Congresswoman Maxine Waters (D-CA), Chairwoman of the House Committee on Financial Services, and Senator Mark Warner (D-VA), held the inaugural meeting of a new advisory group focused on public policies that support minority depository institutions (MDIs) and community development financial institutions (CDFIs), whose mission includes supporting low- and moderate-income communities, communities of color, and minority-owned businesses. In addition to staff from the offices of Chairwoman Waters, Senator Warner and the Office of Vice President Harris, the participants in the first meeting of the advisory group include: Jeannie Jacokes, Community Development Bankers Association; Robert James, National Bankers Association; Cathie Mahon, Inclusiv; Charles Phillips, Black Economic Alliance; Jennifer Vasiloff, Opportunity Finance Network
Congress created the Paycheck Protection Program in March 2020 as an emergency stopgap for what lawmakers expected to be a few months of sharp economic disruption. But as the pandemic raged on, the program — which made its first loans one year ago this past week — has turned into the largest small-business support program in American history, sending $734 billion in forgivable loans to struggling companies. The program helped nearly seven million businesses retain workers. But it has also been plagued by complex, changing rules at every stage of its existence. And one year in, it has become clear that the program's hasty rollout and design hurt some of the most vulnerable businesses. A New York Times analysis of data from several sources — including the Small Business Administration, which is managing the loan program — and interviews with dozens of small businesses and bankers show that Black- and other minority-owned businesses were disproportionately underserved by the relief effort, often because they lacked the connections to get access to the aid or were rejected because of the program's rules. Southern Bancorp and Beneficial State Bank are mentioned.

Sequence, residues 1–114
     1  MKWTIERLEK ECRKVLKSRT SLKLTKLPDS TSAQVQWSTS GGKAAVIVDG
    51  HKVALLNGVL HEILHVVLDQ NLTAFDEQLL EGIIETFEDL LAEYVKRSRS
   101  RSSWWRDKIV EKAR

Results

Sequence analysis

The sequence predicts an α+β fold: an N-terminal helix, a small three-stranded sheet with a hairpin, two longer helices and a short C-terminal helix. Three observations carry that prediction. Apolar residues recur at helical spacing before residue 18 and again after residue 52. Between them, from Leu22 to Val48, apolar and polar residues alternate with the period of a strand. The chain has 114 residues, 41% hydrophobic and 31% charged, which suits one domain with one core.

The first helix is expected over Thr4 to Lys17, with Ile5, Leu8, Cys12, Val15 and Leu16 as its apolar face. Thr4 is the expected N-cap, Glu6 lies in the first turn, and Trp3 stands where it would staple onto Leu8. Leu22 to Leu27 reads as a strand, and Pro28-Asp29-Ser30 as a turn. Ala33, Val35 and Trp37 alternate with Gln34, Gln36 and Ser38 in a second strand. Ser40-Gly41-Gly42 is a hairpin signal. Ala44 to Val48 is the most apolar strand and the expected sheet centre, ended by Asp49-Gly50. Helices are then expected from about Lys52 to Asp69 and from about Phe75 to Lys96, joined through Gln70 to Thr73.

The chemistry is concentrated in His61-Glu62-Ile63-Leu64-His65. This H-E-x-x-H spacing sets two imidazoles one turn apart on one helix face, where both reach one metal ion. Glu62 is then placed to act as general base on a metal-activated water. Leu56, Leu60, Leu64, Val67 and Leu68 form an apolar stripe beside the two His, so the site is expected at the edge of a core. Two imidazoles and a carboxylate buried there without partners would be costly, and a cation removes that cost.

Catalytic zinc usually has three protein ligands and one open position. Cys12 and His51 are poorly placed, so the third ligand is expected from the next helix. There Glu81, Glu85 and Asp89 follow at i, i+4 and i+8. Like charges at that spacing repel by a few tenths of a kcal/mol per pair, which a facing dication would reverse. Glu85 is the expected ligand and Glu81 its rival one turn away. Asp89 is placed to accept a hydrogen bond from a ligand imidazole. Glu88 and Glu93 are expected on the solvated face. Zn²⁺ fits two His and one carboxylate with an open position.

The OCC today announced last month the appointment of new members to its Minority Depository Institutions Advisory Committee and the Mutual Savings Association Advisory Committee. Joining the council will be Brian Argrett, president and CEO of City First Bank of DC, Washington, D.C.; Jody Lee, chairwoman of Southwestern National Bank, Houston; Beverly Meek, CRA director of Flagstar Bank, Troy, Michigan; Thomas Ogaard, president and CEO of Native American Bank, Denver; Joe Quiroga, president of Texas National Bank, Mercedes, Texas; Kelly Skalicky, president and CEO of Stearns Bank, St. Cloud, Minnesota; and Laurie Vignaud, president and CEO of Unity National Bank, Houston.
The Federal Reserve will conduct a national survey of Community Development Financial Institutions (CDFIs) from March 22-April 23. CDFIs are specialized financial institutions operating in markets that are underserved by traditional financial institutions, and they have been at the forefront of the economic response to the COVID-19 pandemic. Participating CDFIs will be asked questions about their capitalization, capacity and the impact of COVID-19 on their organizations, clients and communities. The Federal Reserve Board of Governors, Federal Reserve Banks and the CDFI Fund intend to use the survey data to inform research and policymaking. The survey data will also provide important benchmark information on how CDFIs are faring in the COVID-19 crisis and how they are serving low-income and minority populations. Finally, responses will be used to update a national CDFI directory for business, government, community leaders, investors and policymakers.